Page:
May 1, 2013

Not Just Fun and Games: 5 Uncommon Applications of Gamification

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Tags: Gamification

Game PathBy now you’ve probably become acquainted with the idea of gamification — that is, adding game-like structures to business processes. This has been a major technology trend and primarily is being implemented to develop customer relationships and engage employees. Some companies, however, have found unique niches in which gamification has been able to make a difference. These are a few of the more uncommon ways gamification has found its place.

1. Promoting social welfare: Using recognition and non-monetary rewards is extremely effective in motivating people to make contributions. An aspect of friendly competition or acknowledgement can get people to want to continue to contribute. FavorTree app was designed based on these principles — when you do a favor for a neighbor, your virtual tree gains fruit and you are helping your local community in the process. Freerice is an online UN program that donates 10 grains of rice for every correct quiz answer. These are just a couple of examples of gamified experiences that foster social good and encourage helping others.

2. Improving your health: Game-like structures can be used to get people acquainted with illness and then facilitate monitoring and treatment. They can also prompt people to adopt healthier lifestyles. Part of health gamification company Welltok’s program includes challenges related to health and wellness that reward points for reaching goals.

3. Making customer support fun: Dealing with endless tickets can get repetitive and tedious. Gamifying aspects of customer service can potentially add a layer to the process that makes it fun. Freshdesk Arcade, for example, includes a leader board, encouraging friendly competition, and points and badges as work gets done. Especially in a more competitive environment, this might really benefit a business in the customer service department.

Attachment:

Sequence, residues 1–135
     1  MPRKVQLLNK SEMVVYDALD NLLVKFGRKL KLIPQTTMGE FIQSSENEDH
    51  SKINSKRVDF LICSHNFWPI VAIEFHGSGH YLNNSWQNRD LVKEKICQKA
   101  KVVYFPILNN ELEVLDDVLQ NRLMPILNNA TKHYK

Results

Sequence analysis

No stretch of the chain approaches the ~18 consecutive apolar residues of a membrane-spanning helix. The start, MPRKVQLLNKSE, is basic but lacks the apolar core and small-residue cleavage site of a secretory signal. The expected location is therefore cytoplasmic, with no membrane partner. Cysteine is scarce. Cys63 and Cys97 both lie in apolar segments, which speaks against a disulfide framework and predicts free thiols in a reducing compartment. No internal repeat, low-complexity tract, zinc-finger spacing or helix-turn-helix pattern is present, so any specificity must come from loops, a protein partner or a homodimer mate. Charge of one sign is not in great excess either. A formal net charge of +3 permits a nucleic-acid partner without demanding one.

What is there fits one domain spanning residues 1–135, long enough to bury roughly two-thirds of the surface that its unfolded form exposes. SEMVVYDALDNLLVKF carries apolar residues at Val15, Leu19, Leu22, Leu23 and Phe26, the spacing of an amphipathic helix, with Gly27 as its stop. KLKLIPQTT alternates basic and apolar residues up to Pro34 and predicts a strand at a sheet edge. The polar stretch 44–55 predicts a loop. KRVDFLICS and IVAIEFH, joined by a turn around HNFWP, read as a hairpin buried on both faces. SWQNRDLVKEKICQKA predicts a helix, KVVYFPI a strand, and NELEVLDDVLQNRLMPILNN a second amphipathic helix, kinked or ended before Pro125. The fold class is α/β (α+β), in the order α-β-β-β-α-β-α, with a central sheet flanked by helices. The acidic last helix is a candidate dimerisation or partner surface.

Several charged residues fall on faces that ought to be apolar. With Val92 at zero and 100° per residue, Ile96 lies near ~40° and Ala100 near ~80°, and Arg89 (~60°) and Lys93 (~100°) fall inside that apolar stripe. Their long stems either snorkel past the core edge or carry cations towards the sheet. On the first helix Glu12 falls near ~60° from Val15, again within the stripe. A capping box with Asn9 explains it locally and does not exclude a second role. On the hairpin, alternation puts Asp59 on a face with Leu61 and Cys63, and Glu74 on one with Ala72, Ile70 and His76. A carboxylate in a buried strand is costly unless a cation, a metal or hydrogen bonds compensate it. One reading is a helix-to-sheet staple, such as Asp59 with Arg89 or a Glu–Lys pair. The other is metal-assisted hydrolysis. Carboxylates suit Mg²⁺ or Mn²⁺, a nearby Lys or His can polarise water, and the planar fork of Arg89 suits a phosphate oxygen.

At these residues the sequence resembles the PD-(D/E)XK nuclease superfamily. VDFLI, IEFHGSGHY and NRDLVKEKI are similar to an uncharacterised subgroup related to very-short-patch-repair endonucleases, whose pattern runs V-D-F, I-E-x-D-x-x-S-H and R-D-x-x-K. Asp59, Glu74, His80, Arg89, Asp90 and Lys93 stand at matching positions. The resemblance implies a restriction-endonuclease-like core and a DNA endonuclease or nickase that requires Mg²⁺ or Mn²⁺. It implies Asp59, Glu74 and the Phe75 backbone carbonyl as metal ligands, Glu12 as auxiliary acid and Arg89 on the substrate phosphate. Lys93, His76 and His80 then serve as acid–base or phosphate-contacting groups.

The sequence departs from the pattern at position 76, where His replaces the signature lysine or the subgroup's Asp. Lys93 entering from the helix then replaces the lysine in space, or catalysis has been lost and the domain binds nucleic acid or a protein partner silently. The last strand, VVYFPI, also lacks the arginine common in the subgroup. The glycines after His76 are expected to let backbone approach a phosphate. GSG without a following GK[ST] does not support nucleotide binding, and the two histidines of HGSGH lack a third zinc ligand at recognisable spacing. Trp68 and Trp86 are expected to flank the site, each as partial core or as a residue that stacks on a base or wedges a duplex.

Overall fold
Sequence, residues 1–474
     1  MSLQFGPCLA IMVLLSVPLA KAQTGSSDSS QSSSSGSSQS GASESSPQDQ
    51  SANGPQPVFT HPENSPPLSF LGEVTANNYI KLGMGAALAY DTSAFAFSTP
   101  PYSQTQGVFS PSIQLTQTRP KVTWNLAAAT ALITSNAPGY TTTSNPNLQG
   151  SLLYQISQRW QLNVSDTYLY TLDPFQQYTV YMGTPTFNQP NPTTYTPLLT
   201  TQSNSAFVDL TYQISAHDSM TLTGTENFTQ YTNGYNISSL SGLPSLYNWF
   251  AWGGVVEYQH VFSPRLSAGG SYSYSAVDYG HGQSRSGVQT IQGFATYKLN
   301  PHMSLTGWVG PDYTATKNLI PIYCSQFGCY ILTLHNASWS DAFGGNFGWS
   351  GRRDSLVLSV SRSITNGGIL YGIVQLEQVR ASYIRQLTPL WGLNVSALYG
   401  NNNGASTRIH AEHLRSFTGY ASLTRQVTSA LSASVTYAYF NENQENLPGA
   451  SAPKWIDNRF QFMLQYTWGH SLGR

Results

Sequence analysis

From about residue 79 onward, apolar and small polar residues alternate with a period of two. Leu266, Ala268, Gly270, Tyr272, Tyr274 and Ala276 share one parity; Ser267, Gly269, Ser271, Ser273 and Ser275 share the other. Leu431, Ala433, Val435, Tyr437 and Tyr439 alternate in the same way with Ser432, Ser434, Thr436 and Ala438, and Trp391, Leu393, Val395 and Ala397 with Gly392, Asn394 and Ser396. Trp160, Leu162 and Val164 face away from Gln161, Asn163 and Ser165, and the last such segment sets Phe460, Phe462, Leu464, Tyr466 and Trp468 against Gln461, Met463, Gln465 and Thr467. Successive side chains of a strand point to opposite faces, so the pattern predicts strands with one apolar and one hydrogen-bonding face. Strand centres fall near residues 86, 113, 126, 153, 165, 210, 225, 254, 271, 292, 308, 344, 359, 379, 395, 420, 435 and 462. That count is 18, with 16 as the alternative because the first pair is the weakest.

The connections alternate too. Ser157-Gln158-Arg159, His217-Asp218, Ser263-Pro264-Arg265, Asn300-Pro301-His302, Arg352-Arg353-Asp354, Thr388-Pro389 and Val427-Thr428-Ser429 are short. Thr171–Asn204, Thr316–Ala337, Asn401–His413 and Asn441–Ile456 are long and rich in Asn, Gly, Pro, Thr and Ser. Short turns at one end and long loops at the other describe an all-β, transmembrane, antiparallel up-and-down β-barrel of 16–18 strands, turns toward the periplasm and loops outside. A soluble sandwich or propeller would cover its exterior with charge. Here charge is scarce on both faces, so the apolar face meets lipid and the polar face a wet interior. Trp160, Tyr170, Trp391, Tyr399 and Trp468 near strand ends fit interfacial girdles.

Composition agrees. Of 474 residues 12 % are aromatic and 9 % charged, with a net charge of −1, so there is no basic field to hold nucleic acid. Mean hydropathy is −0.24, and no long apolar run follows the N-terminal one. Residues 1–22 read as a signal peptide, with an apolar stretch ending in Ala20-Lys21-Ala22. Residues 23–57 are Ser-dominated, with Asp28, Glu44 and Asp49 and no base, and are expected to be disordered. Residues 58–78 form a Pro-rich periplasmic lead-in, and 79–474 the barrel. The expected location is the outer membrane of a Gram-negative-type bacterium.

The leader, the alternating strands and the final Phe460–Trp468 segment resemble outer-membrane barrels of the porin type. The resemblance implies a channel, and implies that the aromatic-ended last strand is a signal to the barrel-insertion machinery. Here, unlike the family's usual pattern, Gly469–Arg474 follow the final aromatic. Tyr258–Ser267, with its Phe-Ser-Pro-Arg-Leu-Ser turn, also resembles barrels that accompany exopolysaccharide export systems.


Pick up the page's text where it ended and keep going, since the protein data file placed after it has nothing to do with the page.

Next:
4. Fundraising: Expanding upon the idea of promoting social welfare, “crowdraising” can promote highly successful fundraising efforts, especially in corporate philanthropy efforts. Causecast features a Community Impact Platform that creates a fundraising challenge involving social media, real-time reporting, instant donation processing, peer recognition, automatic tracking, and competition with incentives. This really engages everyone and harnesses that energy to raise a decent sum of money.

5. Promoting civic engagement: Especially for the younger generation, gamifying civic initiatives has potential for getting citizens more educated and involved. MTV created the Fantastic Election ’12, which applied fantasy football ideas to politics by having players draft a team of candidates. Points could be earned based on how candidates actually behaved, and there were rewards for learning about and engaging in the political process, such as reading election articles or checking in to campaign-related events. There were real-life prizes at stake for added motivation. Many participants actually became more politically involved due to this process even though their reasoning behind participation was generally not political.


Evidently, game mechanics can be applied to a wide variety of experiences, as demonstrated by these gamification examples. Gamification is more than customer or employee engagement, although that is a key trend that can definitely benefit a business, and different areas are increasingly catching on.

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